Oh, and for all my Kentucky folk, I’ve seen a guy with a UK sweatshirt twice!!
Anyway, it was a crazy day, but I’m so proud of myself ... and relieved. I can get around by myself!
Keep in touch ... and comment away on this blog - I love to read them!
Wednesday, February 4, 2009
I loved it. We all did. We told one of the leaders we could come everyday. “No, no, no, they can not come every day," he said refering to the Ubuzima members, "they have too much to do.” :) The first part of the “meeting” is prayer and announcements. They introduced us and asked if we wanted to say anything. I was the first to go up ... for those that know me well, and know about my experiences in Malawi, this is a big deal!
There was also a woman who brought two of her friends to the group for the first time. It’s huge if you are a part of this group because that means you are essentially announcing that you are HIV positive. So many people don’t get tested for HIV because of the stigma and also because they just don’t want to know if they have it. But despite the potential ostracization and finger-pointing, the women say that this group has been such a comfort and support to them. Being around people who are going through the same thing as you, its amazing how at peace you can feel. I can relate to that ...
The rest of the time we basically just sat with the women (most of them are women). One of the women had her little girl with her (see photo) and as soon as I waved at her, she came over to sit on my lap. No hesitation or questions asked. She was so cute with her little braids! Finally, the women warmed up and started showing us different knitting/crocheting patterns. As soon as I started to get the hang of one, they’d want to show me another! None of them speak English so its gonna be interesting to communicate. They were so patient with us ... and loved it that we were trying so hard. We all laughed a lot too – mostly them laughing at us. But oh, the smiles on their faces! Its interesting how it can change the whole atmosphere. And laughter ... its amazing how much tension it can erase. And how much you can communicate with laughter. I mean, even just the grunts and raised eyebrows when you were doing something right. It was so refreshing to be in contact with Rwandans. To be in their presence and interacting. Look forward to more of that.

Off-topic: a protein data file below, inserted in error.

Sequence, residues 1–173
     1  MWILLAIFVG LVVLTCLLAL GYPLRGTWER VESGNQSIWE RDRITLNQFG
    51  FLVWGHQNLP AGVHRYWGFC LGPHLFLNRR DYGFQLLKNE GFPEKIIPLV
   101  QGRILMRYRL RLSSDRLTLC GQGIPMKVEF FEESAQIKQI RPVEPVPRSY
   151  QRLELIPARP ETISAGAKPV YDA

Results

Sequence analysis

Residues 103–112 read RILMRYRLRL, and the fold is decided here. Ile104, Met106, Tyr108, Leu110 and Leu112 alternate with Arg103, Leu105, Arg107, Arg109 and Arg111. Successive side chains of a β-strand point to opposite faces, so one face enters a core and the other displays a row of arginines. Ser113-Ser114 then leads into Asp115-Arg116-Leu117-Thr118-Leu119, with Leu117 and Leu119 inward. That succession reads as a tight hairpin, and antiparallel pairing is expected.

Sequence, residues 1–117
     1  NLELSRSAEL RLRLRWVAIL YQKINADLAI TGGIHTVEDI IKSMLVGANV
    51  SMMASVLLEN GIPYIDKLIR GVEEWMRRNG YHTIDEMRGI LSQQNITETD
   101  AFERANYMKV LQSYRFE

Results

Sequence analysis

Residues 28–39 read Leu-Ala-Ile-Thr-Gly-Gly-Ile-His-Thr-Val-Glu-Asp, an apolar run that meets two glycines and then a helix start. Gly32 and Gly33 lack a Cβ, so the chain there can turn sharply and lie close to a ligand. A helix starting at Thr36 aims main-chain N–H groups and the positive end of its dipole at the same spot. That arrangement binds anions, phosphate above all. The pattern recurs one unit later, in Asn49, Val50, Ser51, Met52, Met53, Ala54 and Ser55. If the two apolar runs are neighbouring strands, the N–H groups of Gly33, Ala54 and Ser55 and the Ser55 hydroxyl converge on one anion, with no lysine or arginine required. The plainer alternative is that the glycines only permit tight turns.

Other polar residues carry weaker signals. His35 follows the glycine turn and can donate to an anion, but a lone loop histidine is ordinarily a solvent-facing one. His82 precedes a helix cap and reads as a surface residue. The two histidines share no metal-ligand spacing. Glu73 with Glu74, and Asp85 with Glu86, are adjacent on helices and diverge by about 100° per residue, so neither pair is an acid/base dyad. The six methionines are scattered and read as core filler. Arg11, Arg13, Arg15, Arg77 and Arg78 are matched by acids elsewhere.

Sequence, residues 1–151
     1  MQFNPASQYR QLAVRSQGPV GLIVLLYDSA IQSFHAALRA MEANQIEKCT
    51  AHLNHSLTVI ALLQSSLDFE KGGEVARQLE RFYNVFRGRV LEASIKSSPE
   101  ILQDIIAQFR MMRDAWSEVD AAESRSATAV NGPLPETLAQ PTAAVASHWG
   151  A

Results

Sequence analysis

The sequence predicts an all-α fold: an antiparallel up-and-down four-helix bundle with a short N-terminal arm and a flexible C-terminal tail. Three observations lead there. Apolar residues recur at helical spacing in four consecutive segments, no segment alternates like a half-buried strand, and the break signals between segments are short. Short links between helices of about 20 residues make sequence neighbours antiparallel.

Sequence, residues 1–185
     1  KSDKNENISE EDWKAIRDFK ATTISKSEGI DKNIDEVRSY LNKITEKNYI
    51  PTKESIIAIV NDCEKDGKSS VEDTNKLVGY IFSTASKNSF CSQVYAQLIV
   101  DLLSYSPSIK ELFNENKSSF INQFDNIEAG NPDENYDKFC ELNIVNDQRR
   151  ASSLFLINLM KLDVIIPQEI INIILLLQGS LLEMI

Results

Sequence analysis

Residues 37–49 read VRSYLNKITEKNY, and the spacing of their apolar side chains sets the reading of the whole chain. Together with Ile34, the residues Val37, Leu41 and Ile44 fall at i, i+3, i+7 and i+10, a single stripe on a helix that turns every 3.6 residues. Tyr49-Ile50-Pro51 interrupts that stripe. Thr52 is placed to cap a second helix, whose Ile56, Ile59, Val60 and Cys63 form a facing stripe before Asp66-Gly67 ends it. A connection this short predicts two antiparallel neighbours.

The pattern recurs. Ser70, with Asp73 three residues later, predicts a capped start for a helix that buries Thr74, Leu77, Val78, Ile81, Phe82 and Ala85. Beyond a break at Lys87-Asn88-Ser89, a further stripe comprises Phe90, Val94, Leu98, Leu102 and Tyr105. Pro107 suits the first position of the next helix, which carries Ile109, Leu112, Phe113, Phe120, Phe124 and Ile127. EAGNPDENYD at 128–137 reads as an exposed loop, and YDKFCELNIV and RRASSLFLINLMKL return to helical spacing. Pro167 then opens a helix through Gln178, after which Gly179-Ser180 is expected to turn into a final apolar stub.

Also went to Ubuzima (HIV ministry) yesterday and had a blast laughing at myself with the women. They started teaching me to crochet. I loved being with them. All of us did. Interesting how a smile on their face just lights up the room! More to come ...
Monday, February 2, 2009
The first floor is all about the history of the Rwandan genocide. How things were actually going on long before the events of 1994. Basically, the genocide could have been prevented, but because people didn’t pay attention, well ... you know the story.
I was pretty numb through most of this part. I think because I kinda knew what to expect. Either that or I was just dumbfounded by how it could happen. And the fact that I was walking on the same ground that it happened.
Half of the second floor is about all the other genocides that have happened in the world. Like the Holocaust, Bosnia, Kosovo, Namibia (I think??), Cambodia. (which I didn’t realize that many had happened - I mean I remember hearing about the atrocities, but didn’t really realize they were considered genocides. Well, some countries still haven’t declared them genocides).